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Probiotic bacteria down-regulate the milk-induced inflammatory response in milk-hypersensitive subjects but have an immunostimulatory effect in healthy subjects


Pelto Department of Biochemistry and Food Chemistry, University of Turku, FIN-20014 Turku, Finland.



Probiotic bacteria can influence immune responses both specifically by stimulating antibody production and nonspecifically by enhancing phagocytosis of pathogens and modifying cytokine production.


The authors hypothesized that probiotic bacteria can alleviate hypersensitivity by influencing phagocytes. The modulation of phagocytes may be different in healthy subjects compared with hypersensitive subjects.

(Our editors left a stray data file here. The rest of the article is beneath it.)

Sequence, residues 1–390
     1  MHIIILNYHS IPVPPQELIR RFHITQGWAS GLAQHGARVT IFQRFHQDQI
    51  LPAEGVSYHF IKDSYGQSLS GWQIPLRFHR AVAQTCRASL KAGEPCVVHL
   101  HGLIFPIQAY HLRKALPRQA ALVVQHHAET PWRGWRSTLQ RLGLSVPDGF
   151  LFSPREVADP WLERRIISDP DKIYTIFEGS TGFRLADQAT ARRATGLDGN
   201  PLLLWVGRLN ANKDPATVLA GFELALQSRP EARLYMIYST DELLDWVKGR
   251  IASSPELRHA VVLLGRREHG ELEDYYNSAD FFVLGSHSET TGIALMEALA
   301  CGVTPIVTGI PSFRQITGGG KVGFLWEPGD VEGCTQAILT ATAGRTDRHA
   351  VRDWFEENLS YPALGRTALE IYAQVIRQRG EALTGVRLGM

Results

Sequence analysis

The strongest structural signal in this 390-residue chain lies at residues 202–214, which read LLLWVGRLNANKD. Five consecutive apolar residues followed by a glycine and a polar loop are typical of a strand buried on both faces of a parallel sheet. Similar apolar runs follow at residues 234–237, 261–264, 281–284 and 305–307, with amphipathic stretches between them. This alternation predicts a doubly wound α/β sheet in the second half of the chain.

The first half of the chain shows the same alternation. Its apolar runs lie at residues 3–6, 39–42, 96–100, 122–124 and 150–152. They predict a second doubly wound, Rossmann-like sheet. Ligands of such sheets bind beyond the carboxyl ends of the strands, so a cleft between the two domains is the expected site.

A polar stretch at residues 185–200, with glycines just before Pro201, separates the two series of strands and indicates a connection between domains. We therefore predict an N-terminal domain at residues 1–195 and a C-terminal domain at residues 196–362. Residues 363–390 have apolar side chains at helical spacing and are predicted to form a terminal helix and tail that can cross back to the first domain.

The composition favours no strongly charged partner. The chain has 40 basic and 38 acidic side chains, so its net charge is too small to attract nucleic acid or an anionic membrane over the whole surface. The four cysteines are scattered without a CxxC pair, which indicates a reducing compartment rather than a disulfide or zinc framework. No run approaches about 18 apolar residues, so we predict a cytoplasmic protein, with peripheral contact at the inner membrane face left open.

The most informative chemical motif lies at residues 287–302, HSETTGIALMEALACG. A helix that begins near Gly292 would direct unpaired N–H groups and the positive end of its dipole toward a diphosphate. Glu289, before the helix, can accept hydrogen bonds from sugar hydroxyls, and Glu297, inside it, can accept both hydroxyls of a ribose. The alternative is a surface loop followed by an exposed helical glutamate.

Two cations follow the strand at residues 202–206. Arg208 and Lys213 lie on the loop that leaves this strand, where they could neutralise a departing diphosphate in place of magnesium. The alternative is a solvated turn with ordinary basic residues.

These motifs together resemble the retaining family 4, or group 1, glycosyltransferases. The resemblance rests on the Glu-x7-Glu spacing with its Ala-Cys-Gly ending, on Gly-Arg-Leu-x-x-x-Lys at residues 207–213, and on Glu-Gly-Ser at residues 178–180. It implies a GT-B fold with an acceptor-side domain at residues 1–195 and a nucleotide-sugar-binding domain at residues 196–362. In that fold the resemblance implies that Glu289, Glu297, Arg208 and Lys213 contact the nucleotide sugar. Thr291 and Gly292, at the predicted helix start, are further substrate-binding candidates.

Subjects and methods

In a double-blind, cross-over study, challenges with milk in milk-hypersensitive and healthy adults with or without an intestinal bacterial strain, Lactobacillus GG (ATCC 53103) were performed. The challenge-induced immunoinflammatory response was recorded by measuring the expression of phagocytosis receptors prior to and after the challenge using flow cytometry.


In milk-hypersensitive subjects, milk challenge increased significantly the expression of CR1, FcγRI and FcαR in neutrophils and CR1, CR3 and FcαR in monocytes. Milk with Lactobacillus GG prevented the increase of the receptor expression. In healthy subjects, milk challenge did not influence receptor expression while milk with Lactobacillus GG increased significantly the expression of CR1, CR3, FcγRIII and FcαR in neutrophils.


Probiotic bacteria appear to modulate the nonspecific immune response differently in healthy and hypersensitive subjects. This is seen as an immunostimulatory effect in healthy subjects, and as a down-regulation of immunoinflammatory response in milk-hypersensitive subjects.

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